Last night, OpenAI’s Dota 2 bot beat the world’s most celebrated professional players in one-on-one battles, showing just how advanced these machine learning systems are getting.
The bot beat Danil “Dendi” Ishutin rather easily at The International, one of the biggest eSports events in the world, and remains undefeated against the world’s top Dota 2 players.
Elon Musk’s OpenAI trained the bot by simply copying the AI and letting the two play each other for weeks on end.
“We’ve coached it to learn just from playing against itself,” said OpenAI researcher Jakub Pachoki. “So we didn’t hard-code in any strategy, we didn’t have it learn from human experts, just from the very beginning, it just keeps playing against a copy of itself. It starts from complete randomness and then it makes very small improvements, and eventually it’s just pro level.”
To be clear, a 1v1 battle in Dota 2 is far less complex than an actual professional battle, which includes two teams of five players completing a variety of tasks simultaneously to achieve victory. But OpenAI said that’s working on another bot that could play against and alongside humans in a larger 5v5 battle.
Not shockingly, Elon Musk was watching along and had some thoughts of his own, calling unregulated AI vastly more dangerous than North Korea:
This isn’t the first time Elon Musk has spoken up about the dangers of AI without regulation. He said that the process of setting up a government body to regulate AI should start in the immediate future, speaking at the International Space Station R&D conference a few weeks ago.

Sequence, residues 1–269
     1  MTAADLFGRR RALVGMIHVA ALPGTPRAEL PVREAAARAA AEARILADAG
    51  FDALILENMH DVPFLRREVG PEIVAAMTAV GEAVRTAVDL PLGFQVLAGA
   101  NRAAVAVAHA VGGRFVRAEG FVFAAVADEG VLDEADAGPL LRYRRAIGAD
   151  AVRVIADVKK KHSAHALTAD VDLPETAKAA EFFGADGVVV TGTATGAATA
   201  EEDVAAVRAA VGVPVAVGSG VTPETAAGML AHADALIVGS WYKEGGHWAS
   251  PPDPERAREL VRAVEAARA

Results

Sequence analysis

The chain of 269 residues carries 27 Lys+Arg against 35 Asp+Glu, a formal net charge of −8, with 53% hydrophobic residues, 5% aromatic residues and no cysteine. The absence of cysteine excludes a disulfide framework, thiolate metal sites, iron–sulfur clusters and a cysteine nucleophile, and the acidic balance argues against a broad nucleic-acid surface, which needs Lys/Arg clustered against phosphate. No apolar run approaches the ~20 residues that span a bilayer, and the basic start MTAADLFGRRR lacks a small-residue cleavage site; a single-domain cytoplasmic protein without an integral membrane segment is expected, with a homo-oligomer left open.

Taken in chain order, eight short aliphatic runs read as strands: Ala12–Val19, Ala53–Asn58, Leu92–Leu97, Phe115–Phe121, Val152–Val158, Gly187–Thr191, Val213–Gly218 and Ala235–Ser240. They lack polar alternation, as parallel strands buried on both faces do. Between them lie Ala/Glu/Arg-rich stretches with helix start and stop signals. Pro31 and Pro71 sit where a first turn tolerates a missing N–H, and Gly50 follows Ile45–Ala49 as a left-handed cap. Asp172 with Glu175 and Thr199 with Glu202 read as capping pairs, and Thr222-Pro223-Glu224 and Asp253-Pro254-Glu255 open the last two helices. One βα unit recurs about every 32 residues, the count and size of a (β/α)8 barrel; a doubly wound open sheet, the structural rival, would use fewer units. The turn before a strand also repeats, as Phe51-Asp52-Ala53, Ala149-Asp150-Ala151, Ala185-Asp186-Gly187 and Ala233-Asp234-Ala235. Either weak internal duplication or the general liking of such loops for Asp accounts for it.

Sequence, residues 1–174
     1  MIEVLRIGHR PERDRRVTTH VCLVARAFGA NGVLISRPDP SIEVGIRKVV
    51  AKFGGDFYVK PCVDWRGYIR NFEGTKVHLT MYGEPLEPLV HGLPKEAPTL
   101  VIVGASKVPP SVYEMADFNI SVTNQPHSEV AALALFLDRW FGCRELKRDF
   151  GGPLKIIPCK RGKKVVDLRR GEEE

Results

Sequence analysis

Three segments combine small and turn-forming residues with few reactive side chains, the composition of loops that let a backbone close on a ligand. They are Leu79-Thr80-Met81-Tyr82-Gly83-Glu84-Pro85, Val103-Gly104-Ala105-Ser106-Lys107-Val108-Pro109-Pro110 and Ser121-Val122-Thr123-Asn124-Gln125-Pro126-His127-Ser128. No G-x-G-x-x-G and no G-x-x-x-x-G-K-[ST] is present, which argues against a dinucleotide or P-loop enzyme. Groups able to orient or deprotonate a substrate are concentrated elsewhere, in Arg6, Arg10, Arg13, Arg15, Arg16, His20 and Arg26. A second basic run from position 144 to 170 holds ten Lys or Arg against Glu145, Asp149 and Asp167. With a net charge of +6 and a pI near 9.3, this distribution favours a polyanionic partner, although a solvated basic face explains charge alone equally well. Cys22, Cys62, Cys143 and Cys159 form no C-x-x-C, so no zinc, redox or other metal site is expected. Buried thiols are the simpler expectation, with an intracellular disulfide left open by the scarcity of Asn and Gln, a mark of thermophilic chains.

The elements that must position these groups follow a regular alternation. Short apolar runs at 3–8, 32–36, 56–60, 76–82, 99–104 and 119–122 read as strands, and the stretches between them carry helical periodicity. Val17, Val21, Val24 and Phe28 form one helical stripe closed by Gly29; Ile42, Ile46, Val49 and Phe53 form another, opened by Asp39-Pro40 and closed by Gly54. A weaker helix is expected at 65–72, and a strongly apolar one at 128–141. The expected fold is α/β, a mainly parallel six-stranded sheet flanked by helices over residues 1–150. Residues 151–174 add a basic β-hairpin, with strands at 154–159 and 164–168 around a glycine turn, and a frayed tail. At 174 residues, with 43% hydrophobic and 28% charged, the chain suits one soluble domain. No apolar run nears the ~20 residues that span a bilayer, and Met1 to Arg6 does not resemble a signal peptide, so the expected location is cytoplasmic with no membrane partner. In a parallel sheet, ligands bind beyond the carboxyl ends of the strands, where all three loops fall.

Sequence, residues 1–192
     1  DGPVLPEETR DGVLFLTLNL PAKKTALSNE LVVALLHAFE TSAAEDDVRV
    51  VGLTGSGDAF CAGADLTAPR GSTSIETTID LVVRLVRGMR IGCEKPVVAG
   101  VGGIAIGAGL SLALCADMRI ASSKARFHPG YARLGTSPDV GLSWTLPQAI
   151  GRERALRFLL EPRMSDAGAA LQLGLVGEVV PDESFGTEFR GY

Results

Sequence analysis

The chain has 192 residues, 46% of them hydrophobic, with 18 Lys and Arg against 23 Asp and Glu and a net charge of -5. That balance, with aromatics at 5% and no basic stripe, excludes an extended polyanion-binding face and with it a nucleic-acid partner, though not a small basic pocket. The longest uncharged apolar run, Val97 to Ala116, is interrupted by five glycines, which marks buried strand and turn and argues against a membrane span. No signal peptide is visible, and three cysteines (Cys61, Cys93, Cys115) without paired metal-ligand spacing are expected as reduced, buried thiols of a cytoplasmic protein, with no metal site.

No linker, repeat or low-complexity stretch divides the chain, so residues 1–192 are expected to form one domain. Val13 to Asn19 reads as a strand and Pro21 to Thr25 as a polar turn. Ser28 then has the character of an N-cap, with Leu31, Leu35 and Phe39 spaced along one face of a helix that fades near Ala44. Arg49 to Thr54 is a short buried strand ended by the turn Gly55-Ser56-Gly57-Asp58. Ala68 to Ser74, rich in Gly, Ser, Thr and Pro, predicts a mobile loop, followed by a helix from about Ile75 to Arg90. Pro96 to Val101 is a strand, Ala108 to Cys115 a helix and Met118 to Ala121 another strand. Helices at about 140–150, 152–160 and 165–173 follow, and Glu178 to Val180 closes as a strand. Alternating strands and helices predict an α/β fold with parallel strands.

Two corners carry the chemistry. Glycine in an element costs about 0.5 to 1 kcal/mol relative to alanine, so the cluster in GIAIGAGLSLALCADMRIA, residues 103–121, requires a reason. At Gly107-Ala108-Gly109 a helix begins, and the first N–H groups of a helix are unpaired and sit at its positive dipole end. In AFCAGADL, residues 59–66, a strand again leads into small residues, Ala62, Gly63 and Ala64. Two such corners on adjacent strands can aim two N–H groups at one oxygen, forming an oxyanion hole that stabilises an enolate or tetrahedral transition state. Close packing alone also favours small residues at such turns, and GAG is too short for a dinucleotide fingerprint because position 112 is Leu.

Musk has also thrown shade at Facebook CEO Mark Zuckerberg on Twitter, saying that Zuck’s understanding of AI is limited.
Speaking at TC Sessions: Robotics, Rodney Brooks, founder of iRobot and Rethink Robotics, disagreed with Musk saying that, currently, there isn’t much to regulate.
If you’re going to have a regulation now, either it applies to something and changes something in the world, or it doesn’t apply to anything. If it doesn’t apply to anything, what the hell do you have the regulation for? Tell me, what behavior do you want to change, Elon? By the way, let’s talk about regulation on self-driving Teslas, because that’s a real issue.
At the same event, head of Amazon Robotics Tye Brady said the following:
I’m not really a fan of regulation. I’m a fan of doing whatever the customer seeks. We have a mission in mind to do order fulfillment in the best way possible. So, yeah, I’m not a fan of regulation.
Obviously, some of the world’s greatest minds in the fields of robotics/AI/ML are at an impasse, but the maturation of AI waits for no man.